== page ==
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ENGL 312 - Technical Writing ( Skucek ): Home

Online library guide for Assignment #4: Report for Decision Making

Step 1: Define a Problem

A. Answering the journalist's questions (who? what? where? when? why? so what? ) will help you narrow down your problem. For instance, I am thinking about implementing a library service to support undergraduate students during stress-ridden finals at the end of a semester. Below are my answers:

Who?

Library staff in collaboration with other campus units

What?

A variety of library activities, such as puzzles, drawing, yoga, pet therapy, nutritional snacks, postcards... 

When?

During the finals week from 7-9 p.m.

Where?

In the library lobby

Why?

To help students relax, relieve stress, get nutritional snacks to fuel the brain, enjoy breaks between studying for exams and writing papers

So what? 

The library is the busiest place on campus during the finals and its space could be utilized to provide students with different relaxing and therapeutic activities to support them during the most stressful times. 

Now it is your turn to answer the journalist's questions. 

 

B. Which question  are you trying to answer?

  1.  Will X work for a specific purpose? (feasibility study)
  2. Is X or Y better for a specific purpose? (comparative analysis)
  3.  Why does X happen, and what can be done about it? (cause-effect analysis)
  4.  How can we use X to best advantage?

My answer: 

Will the library activities (.e.,g recreational and therapeutic) help students relax, take a break, and slow down during the finals? I am trying to write a feasability report and explore the first question.

Now it is your turn to specify which question you are trying to answer.

Step 2: Define Your Audience/Stakeholders

Brainstorm answers to the following questions about your audiences:

1) Who is your primary reader? Who are you writing a report for decision making?

 In my case, I will be writing a report to the administration of the library

2) Who are you trying to help? Your target audience?

 In my case, I am targeting undergraduate students

3) Who are the stakeholders? Who can help you solve the problem?

In my case, I will be looking for funding and  partnerships  across the campus, e.g., Student Affairs, Wellness Center, Honors College, Dining Services.. .

Now it is your turn to identify your audiences/stakeholders.

Step 3: Create a Research Plan

Research Strategy # 1:  Library Research

1) Review your answers from Step 1 and identify what questions you need to find answers to by conducting library research.

For instance, I need to find studies:

  • about stress experienced by students during finals and stress management techniques;
  • the value of taking short breaks while studying for exams
  • the value of relaxation while studying for exams...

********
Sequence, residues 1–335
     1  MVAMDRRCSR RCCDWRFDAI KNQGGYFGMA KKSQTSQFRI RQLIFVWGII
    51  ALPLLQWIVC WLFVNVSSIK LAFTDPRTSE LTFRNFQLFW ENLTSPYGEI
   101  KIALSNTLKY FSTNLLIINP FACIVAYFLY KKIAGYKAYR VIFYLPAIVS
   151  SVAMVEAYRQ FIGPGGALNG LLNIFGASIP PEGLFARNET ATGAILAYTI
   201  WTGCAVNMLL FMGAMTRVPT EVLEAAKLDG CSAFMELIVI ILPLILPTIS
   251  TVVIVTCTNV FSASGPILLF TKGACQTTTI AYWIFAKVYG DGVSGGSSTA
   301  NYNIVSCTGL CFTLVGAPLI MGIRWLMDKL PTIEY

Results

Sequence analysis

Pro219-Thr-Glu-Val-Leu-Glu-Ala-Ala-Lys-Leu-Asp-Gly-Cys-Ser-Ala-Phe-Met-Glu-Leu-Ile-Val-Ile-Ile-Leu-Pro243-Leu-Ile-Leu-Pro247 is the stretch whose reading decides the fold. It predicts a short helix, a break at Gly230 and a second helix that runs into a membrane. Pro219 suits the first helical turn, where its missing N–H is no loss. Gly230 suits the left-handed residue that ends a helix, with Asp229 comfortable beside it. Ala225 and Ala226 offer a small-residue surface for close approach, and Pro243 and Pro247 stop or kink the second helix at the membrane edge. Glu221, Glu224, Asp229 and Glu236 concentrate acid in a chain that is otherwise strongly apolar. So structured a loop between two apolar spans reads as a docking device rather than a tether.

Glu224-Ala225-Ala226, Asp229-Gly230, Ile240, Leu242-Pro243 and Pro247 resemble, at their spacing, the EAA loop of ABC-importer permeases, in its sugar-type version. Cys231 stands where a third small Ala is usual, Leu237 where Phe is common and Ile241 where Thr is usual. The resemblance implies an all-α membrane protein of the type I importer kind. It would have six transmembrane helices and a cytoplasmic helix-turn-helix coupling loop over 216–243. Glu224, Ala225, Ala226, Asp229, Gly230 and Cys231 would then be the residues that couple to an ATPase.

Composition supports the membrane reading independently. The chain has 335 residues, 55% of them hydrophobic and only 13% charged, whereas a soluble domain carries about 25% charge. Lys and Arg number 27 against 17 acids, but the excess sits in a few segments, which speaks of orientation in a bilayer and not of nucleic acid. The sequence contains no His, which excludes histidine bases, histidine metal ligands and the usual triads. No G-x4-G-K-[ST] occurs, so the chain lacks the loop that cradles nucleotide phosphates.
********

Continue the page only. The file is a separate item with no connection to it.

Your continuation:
Also, I will need to find examples of other libraries' successful programs, activities, services similar to what I am proposing...

2) Brainstorm where you are going to find these answers:

a. In-depth studies>Journal Articles>Library Search search box on the library home page (a great starting point for a multi-disciplinary search). For instance, I will search on "college students and stress and exams" and limit my results to Scholarly/Peer-Reviewed Journal Articles on the left hand side.

b. Best practices/programs from a disciplinary perspective>Library home page>Articles & Databases>Databases by subject on the right hand side, e,g. Sociology, Psychology. For instance, I could not find Library Science subject, so I went to Databases by Title and found Library, Information Science & Technology Abstracts database that will provide me with some examples from other libraries.

c. Current outlook of your problem and local community's views about it>Local Newspapers>Library home page> Articles & Databases>Newspapers>Lexis-Nexis. Watch the video how to find PA local newspapers.

 

Research Strategy # 2: People Research

1) Review your answers from Step 2 and identify what questions you need to find answers to by conducting people research.

2) Brainstorm where you can find the answers to your questions:

a. Do you need a demographic/social profile of your target audience? American FactFinder from Census Bureau is a great source for finding popular facts (income, race, language) about your local community. Type your country/town/city in the search box and see what you can find about the target audience.

b. Learn about your stakeholders. You may find their web sites, check any documentation, policies, and programs. Consider interviewing them.

c. Find out about your primary reader as well.

 

Research Strategy # 3:  Web Research

1. Try Advanced Google Search and limit to .gov domain to discover any government agencies tacking your issue.

2. Need statistics to discuss the prevalence of your issue? Tons of government agencies collect various statistics. Check the list here.

 

Research Strategy # 4: Ask Questions

1.  Schedule an individual research consultation with Tatiana via http://doodle.com/xdrvbemz7rfy7676

2. Email Tatiana your questions if you cannot make to any of the research clinics

3. Ask your professor

Below are resources I have discussed above and more:

Subject Guide

 

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